Key point: Speculation of this type has found a willing ear among some, though certainly not all, segments of the Russian media partly because the theme of western encirclement has been so central to Russian security concerns over the past several decades.
As the Coronavirus outbreak continues to roil China with no end in sight, media outlets around the world have indulged in varying degrees of speculation concerning its origins. That speculation has taken a geopolitical turn in Russia, where an increasing number of political commentators have to come to believe that the virus is a U.S. bioweapon ultimately directed at Russia.
First, a disclaimer. The Kremlin—up to and including Russian president Vladimir Putin—itself has shown a remarkable degree of judiciousness since the Coronavirus outbreak, limiting its official statements to expressions of sympathy and offers of aid to the Chinese government.
Nevertheless, certain Russian media commentators don’t share the Kremlin’s sense of restraint. Zvezda, a news outlet funded by the Russian Defense Ministry, published an article late last month titled “Coronavirus: American biological warfare against Russia and China.” The author begins by establishing alleged intent: the virus dealt a blow to the Chinese economy, which weakens Beijing’s negotiating hand in the next round of trade talks to follow the recent signing of the phase one deal between Washington and Beijing.
Zvezda proceeds to the core argument, which centers around long-standing Russian suspicions over the presence of U.S. biological research laboratories across Eurasia: “As is well-known, the USA ratified the Geneva convention on Biological Weapons back in 1975. But the biological games across the ocean have never stopped, and not only in local territory. Right after the Soviet collapse, the presence of American bio-laboratories has so far been confirmed in Georgia, Ukraine, Kazakhstan, Azerbaijan, and Uzbekistan. Where else—only the State Department knows, though it insists that these are harmless groups tasked with developing medical devices. But if they are so harmless, then why did the Americans build them, not at home, but across the world?” The author further infers the supposedly malign intent of these laboratories by pointing out their ties to military-aligned agencies like the Military Threat Reduction Agency (DTRA), and by citing older accusations made by Georgian politician Igor Giorgadze that the U.S. bio-laboratory in Georgia has allegedly tested deadly bioweapons on Georgian citizens.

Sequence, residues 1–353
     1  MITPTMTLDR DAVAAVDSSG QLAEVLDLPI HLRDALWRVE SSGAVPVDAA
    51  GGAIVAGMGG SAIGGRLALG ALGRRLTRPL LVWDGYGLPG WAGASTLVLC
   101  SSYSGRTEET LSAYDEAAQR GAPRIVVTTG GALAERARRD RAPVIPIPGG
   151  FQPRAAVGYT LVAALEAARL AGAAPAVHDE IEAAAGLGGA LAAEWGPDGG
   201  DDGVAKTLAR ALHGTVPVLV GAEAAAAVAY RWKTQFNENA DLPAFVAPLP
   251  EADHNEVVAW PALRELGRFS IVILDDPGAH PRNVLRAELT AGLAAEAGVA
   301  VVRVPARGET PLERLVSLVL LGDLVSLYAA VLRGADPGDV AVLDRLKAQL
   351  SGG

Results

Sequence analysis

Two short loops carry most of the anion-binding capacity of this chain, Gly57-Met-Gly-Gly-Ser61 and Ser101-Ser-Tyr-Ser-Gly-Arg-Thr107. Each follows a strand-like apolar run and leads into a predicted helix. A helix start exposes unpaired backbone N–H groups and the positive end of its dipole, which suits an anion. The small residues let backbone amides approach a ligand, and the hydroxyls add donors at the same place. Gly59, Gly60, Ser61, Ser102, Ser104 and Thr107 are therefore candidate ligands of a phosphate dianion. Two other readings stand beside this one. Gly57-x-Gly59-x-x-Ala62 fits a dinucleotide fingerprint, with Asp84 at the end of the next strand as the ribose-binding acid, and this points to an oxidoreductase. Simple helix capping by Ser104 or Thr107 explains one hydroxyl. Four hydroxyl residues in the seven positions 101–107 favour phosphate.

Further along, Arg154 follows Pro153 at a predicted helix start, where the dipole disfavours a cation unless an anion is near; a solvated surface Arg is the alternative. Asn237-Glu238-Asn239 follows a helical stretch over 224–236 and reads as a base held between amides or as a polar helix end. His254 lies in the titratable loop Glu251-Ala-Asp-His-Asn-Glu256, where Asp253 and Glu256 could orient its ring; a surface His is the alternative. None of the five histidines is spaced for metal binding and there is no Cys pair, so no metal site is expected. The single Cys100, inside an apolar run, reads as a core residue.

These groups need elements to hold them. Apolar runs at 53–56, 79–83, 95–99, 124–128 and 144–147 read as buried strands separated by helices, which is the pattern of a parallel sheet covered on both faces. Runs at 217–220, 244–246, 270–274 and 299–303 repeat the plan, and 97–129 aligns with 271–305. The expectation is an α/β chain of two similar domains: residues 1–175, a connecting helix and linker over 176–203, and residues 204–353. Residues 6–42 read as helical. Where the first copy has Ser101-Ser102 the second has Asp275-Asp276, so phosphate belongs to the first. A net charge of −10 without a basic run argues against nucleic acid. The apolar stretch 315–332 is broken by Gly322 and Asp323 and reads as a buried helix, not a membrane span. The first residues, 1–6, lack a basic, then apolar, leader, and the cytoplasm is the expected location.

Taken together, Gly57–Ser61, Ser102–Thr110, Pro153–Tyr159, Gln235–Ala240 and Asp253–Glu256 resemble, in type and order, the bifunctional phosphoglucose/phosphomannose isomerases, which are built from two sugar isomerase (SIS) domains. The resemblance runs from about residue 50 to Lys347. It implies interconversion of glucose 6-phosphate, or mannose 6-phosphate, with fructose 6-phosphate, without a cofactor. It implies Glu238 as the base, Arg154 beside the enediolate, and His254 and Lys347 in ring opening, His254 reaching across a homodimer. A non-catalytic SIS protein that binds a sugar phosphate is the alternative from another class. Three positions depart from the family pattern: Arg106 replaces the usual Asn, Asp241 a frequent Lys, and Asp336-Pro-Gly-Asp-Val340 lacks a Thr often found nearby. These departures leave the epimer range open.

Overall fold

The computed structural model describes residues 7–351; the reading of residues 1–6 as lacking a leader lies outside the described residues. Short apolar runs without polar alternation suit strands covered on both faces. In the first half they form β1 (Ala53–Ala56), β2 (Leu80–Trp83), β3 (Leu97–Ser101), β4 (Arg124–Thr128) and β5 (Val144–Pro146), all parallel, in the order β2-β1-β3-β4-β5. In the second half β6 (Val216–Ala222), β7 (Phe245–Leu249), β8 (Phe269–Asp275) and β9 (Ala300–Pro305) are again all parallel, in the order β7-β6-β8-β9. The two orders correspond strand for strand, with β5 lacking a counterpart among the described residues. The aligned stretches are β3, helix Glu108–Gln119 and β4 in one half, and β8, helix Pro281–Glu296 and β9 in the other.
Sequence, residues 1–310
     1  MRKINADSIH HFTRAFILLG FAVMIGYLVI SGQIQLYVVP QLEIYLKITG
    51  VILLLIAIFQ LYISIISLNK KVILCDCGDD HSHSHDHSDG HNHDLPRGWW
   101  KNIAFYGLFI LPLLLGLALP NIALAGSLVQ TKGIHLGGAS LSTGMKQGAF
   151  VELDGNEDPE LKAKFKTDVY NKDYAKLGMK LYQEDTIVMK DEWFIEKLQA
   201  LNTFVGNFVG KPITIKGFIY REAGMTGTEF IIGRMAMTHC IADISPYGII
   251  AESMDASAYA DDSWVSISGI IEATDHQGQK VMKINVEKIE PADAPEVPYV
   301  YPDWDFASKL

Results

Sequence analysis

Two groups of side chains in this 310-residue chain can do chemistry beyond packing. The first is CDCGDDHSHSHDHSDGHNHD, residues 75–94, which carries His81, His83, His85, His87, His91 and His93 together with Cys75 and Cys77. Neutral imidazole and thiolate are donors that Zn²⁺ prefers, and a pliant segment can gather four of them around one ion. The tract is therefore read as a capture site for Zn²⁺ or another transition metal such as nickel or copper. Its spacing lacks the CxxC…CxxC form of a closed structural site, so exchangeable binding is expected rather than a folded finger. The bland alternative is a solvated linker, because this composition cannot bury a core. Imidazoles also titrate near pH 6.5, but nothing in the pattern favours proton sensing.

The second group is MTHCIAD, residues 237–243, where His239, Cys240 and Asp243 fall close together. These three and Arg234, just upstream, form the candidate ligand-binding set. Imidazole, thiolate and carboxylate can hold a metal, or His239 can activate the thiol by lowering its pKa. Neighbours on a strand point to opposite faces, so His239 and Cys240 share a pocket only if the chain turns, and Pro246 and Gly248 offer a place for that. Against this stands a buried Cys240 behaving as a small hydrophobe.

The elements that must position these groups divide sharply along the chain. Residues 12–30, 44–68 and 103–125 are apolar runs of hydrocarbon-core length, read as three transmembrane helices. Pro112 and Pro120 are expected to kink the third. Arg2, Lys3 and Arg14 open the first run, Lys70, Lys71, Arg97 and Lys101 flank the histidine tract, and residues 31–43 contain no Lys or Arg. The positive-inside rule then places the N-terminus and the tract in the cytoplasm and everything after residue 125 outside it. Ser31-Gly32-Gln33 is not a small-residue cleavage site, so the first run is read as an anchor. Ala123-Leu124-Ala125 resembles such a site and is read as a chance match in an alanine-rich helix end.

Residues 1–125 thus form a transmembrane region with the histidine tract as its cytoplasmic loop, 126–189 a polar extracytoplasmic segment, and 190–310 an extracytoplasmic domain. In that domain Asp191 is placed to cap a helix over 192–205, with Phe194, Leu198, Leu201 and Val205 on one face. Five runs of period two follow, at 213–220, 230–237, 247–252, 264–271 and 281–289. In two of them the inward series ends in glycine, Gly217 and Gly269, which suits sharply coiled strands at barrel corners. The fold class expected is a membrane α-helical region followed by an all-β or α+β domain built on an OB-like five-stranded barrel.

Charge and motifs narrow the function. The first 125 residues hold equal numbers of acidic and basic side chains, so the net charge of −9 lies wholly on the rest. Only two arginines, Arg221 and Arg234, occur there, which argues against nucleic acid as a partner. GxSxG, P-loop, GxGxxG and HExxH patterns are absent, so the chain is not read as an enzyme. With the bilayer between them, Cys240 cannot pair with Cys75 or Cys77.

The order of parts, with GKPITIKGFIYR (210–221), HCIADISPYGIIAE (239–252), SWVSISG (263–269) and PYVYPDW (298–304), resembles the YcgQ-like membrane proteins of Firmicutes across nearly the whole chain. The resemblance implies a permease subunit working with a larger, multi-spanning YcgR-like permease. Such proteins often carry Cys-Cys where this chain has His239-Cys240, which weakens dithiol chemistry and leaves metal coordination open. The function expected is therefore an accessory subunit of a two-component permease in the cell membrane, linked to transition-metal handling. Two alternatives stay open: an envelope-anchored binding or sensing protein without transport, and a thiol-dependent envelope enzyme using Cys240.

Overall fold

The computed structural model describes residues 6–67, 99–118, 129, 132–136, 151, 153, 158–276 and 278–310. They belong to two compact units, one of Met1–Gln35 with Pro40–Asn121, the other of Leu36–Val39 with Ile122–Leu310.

The popular, if not frequently eccentric, Russian politician and leader of the Liberal Democratic Party of Russia (LDPR) Vladimir Zhirinvoky told a Moscow radio station that the coronavirus is an experiment by the Pentagon and pharmaceutical companies to create localized pandemics that can devastate a select population without spilling over into other countries.
Perhaps the leading proponent of the U.S. laboratory theory is politician Igor Nekulin, who has been making the rounds on Russian television and news media to pose arguments similar to those raised in the aforementioned Zvezda article. Nikulin believes that Wuhan was chosen for the attack because the local presence of the Wuhan Institute of Virology offers the Pentagon and CIA a convenient cover story about bio-experiments gone awry. Also according to Nikulin, the supposedly Pentagon-funded U.S. laboratories in Eurasia have been collecting and treating genetic material from Russian and Chinese populations to allegedly create an “ethnically specific” virus that only targets certain peoples. Russian military expert Viktor Baranets agrees, adding that biological warfare has become a new weapon “in the American fight for global supremacy against its main adversaries.”
Speculation of this type has found a willing ear among some, though certainly not all, segments of the Russian media partly because the theme of western encirclement has been so central to Russian security concerns over the past several decades. Just as eastward NATO expansion has surrounded Russia with hostile military bases, the narrative goes, so too has Russia been surrounded with bio-warfare centers strewn across the former USSR.
Mark Episkopos is a frequent contributor to The National Interest and serves as a research assistant at the Center for the National Interest. Mark is also a PhD student in History at American University. This article first appeared earlier this year.